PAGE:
Christopher McCandless’s character and his motivations for living by himself on the road and in Alaska form the central question for the narrator and the reader of Into the Wild. Was McCandless suicidal? Insane? On a spiritual quest? Why did he ignore the risks his decision represented for other people, not just for himself? Jon Krakauer considers a wide array of sources both primary and secondary in constructing his idea of McCandless’s character before and during his journey into Denali National Park. As he zigzagged first from Atlanta to California, then down to Mexico and then back up into Alaska, McCandless left behind him a trail of written material, especially photographs, graffiti, and postcards. His communications are sometimes wordy, sometimes terse. They sometimes contain specific, overbearing instructions suggesting that others should give up their materialistic lives and do as he has done. McCandless also wrote in his diary in the third person, suggesting that he understood himself as a character in an adventure story, and gives himself a nickname that both protects him from his parents’ attempts to track him and seems to justify his enactment of a role far outside established norms.

Throughout Into the Wild, McCandless appears as a careful and dedicated reader. Certain of his books, like his guide to edible plants, are functional. They reflect his attempt to acquire knowledge. Others, like the novels by Michael Crichton, serve to entertain. The intellectual and philosophical interests revealed by most of his other, more serious books help Krakauer delineate McCandless’s motivations and the structure of his thought. McCandless’s annotated books, both those left behind in the bus and those he gives to friends, reveal that he values independence and self-reliance. Certain of his books reveal that he thinks of human society as a kind of poison. In the works of novelists Tolstoy and Pasternak, he underlines passages about the dangers of sex and falsehood. In work by Thoreau he underlines and stars passages about the importance of self-reliance and of eating a vegetarian diet. Krakauer takes McCandless’s reading seriously, as the reader is clearly meant to, and relates the moments in which McCandless recorded a kind of religious ecstasy seriously, sometimes comparing him to a monk or other spiritual figure outright. Krakauer also presents evidence that McCandless may have changed his mind about the value of other people, but cannot call it conclusive, since McCandless dies before he can find a way back to civilization.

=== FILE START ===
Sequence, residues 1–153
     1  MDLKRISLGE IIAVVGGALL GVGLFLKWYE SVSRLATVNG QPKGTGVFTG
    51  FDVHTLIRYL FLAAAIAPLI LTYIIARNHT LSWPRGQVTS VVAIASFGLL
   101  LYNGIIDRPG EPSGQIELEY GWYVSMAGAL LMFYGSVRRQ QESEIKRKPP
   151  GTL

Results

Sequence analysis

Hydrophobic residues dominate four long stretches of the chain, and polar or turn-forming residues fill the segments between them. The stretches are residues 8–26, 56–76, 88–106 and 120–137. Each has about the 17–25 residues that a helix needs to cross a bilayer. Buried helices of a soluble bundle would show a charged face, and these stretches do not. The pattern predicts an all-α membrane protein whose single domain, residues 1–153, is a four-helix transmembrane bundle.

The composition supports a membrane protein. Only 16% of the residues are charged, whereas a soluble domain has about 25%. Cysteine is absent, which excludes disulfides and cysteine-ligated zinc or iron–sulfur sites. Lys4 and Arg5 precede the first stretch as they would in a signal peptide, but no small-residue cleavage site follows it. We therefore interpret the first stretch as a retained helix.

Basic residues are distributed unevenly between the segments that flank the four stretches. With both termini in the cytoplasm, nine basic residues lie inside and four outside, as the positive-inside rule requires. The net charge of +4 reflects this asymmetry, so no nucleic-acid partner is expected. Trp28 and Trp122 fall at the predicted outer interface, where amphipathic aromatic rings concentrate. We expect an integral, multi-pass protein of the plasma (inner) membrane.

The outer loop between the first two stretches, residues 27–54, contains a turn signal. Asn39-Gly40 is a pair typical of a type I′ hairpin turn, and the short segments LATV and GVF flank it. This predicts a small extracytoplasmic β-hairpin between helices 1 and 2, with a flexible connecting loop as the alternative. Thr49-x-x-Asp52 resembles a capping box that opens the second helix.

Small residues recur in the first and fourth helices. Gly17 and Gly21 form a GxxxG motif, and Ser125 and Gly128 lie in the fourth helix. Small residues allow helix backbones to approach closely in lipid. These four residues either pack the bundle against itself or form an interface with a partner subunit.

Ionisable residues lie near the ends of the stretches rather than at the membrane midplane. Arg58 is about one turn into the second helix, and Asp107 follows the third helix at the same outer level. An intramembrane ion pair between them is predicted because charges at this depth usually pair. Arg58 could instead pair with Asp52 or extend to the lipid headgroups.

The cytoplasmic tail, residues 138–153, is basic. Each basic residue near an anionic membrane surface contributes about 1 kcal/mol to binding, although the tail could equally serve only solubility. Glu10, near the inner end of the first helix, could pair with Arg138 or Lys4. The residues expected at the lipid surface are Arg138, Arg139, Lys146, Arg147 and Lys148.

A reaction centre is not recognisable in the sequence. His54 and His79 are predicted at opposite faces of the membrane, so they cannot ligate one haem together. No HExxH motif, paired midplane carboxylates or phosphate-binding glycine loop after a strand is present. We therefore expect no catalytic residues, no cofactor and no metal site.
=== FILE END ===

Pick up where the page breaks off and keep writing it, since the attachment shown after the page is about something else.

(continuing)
Read more about how Leo Tolstoy explored falsehood within the theme of “the right life” in The Death of Ivan Ilych.

Generally speaking, Krakauer’s exploration of McCandless’s relationships with others is split into two categories: the first contains the friends he meets on his journeys and the second his family and friends from early life. To the people he meets on the road, McCandless is reserved but also open. He only infrequently reveals his real name to others, preferring to go by Alex or Alexander. He works hard, and on occasion he plays the piano, revealing a gift for music. He often impresses the drifters and outcasts he encounters with his storytelling abilities. To certain companions, including Wayne Westerberg and Ronald Franz, he relates his frustrations with his family and sometimes comes off as absentminded or aloof. To his family, however, McCandless appears selfish, impetuous, and impenetrable with more frequency. These ambiguities in McCandless’s character are allowed to abide in the book and even contribute to its richness. Ultimately, Krakauer insists, the reader must determine Christopher McCandless’s character, after a thoughtful weighing of the stories told and the evidence presented in Into the Wild.